We’re moving our goats to a new area about 300′ from the old one, and the new goat house is almost ready. No, I’m not using a cheap camera; 90° angles are rare here, due to the use of salvaged lumber and also my inexperience with building anything on this scale; it’s sometimes difficult to push a thousand pounds of lumber into the perfect position and secure it with just two hands. But it’s darn solid and should be much nicer for the goats.
Here’s the front, with a nice wide door, to reduce the bottleneck when 9 goats try to rush through at once:
The basic structure is 4x4s with plywood sheathing, which would not stand up to the antics of a goat herd for very long, so the lower part inside is reinforced with, what else, shipping pallets:
…and their new pasture area is really, really ready for some munchin’:
I lucked into a bunch of used building materials recently, thanks to a friend who is letting me salvage from a condemned house. Perfect timing, because our goat herd needs to move to the other side of the property soon. This requires the construction of a new goat house, since it will take days and days to sawzall and haul the old one.
There was a half-built shed in the yard of the doomed house that fit the bill:
It was about 8 x 10 feet, a little small for a goat house, so I dragged it home and reconfigured it to be 9 x 18 (still missing a piece here):
Then we reconsidered the location and decided the thing needs to move about 50′ to the East to line up with the new pasture areas. How does one skinny middle-aged man move this unwieldy load? Take it apart and carry the pieces over like a normal person? Nah, that would be boring; time for a little good ol’ fashioned hillbilly ingenuity! Ain’t nothin’ you can’t do with a rusty ol’ pickup!
I parked inside the structure, jacked up the legs, and placed cross pieces across the tailgate, bed, and roof of the truck, bolting them to the uprights. Here are two clips of the actual journey. (I run to and from the camera because it has very limited memory, but unfortunately it still ran out and missed recording the too-exciting bit where I “gently” lowered it to the ground.)
..and here it is at end of day, roof all framed and one panel fitted into place:
We post lots of beautiful photos on here of all the things that go well…but we want this website to be a resource for other people making similar changes in their lives, so it’s only fair to acknowledge some of the things that don’t go well.
This shouldn’t be discouraging to anyone setting out to grow/can/brew/etc; with so many projects going on, many of them first tries, these “learning opportunities” are inevitable, and far outnumbered by the successes.
Some notable failures in 2009:
two 5-gallon batches of undrinkable beer. The prime suspect is over-hopping with a hops rated at several times the bitterness of what I normally use
3 out of 4 bottles of Oregon Grape wine, and 1 bottle of blueberry wine exploded during aging. Likely cause: bottled too soon, before the yeast had eaten all the sugars, and/or reusing corks and hammering them in with a rubber mallet instead of getting a corker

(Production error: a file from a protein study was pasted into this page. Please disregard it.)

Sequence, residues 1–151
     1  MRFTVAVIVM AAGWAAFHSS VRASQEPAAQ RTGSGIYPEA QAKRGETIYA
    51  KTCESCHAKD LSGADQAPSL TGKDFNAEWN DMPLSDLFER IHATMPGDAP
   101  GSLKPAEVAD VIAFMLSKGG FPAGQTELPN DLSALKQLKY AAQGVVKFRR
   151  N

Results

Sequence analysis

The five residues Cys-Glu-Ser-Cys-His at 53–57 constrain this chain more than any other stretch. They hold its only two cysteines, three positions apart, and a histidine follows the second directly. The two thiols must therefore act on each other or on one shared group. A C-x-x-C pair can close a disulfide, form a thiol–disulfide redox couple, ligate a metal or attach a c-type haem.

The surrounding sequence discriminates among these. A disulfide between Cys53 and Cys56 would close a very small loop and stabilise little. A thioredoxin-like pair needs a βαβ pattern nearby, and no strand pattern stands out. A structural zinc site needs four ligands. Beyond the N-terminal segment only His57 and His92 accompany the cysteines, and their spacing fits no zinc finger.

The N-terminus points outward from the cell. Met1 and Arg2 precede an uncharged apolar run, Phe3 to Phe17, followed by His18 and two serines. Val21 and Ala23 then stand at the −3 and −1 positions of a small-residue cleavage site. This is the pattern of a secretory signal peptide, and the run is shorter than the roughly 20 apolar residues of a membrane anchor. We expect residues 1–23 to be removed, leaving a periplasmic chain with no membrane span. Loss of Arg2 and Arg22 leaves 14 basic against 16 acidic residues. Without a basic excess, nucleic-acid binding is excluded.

potato yield this year looks to be only about twice the weight of the seed potatoes I planted in spring; plants grew well for a few months, then started yellowing and dying. A few survive, but are weak. Possibly underwatered out of fear of creating a moldy mess in the straw mounds, possibly a fungus. Next year, all taters will be planted on the other end of the property, just in case.
About 1/3 of the biggest, healthiest onions have disappeared. Varmints are supposed to stay away from such strong-smelling plants, but not our little moles/gophers/whatever the little @#$%ers are, oh no, they devour the entire onion and you find the onion tops protruding from a hole in the ground
blueberry bushes: 2 near-dead, 2 totally gone. Moral: if you want to plant small blueberry bushes, don’t do so where your chickens are hanging out; the mounded, mulched earth is apparently irresistible for scratching.
3 of the 4 goat babies have scurs (irregular horn growth after unsuccessful removal). We went with the popular wisdom for this first batch, which is to dehorn (“disbud”) them while very young. Basically you sear and cauterize the little bumps that would become horns. It’s a few seconds of pain and then they’re back to bouncing around, so it it worked flawlessly we might continue to do it, but when it doesn’t work you just get small, deformed horns, and we’ll probably let future generations keep their natural headgear. It’s likely that I was too worried about burning the kids’ heads and didn’t do a thorough enough job of it, but I’ve seen plenty of goats disbudded by far more experienced goat keepers that still have scurs.
1 baby chick taken by rats. I poured a couple of inches of concrete for the chicken coop floor, but I left enough of a gap in one corner that rats managed to squeeze in and steal a chick.
You’ll notice we haven’t posted about our honeybees in a while. they’re gone, and it’s still kind of sad. maybe next year
liquid cheese – I was making a batch of quickie-faux-mozzarella recently. All was going well; it was almost done when I @#$%ed it up. One of the final steps is to soak long pieces of the half-finished cheese in 170 degree brine and stretch it like taffy. It started firming up a little sooner than I wanted, so I grabbed the teapot and splashed in just a little boiling water. The cheese immediately dissolved, and no amount of straining, cooking, etc. could make Humpty Dumpty edible again.
I’m sure I could find plenty of other screw-ups and strokes of bad luck, but this could get depressing…I think I’ll have to go sample one of the wines that DIDN’T explode…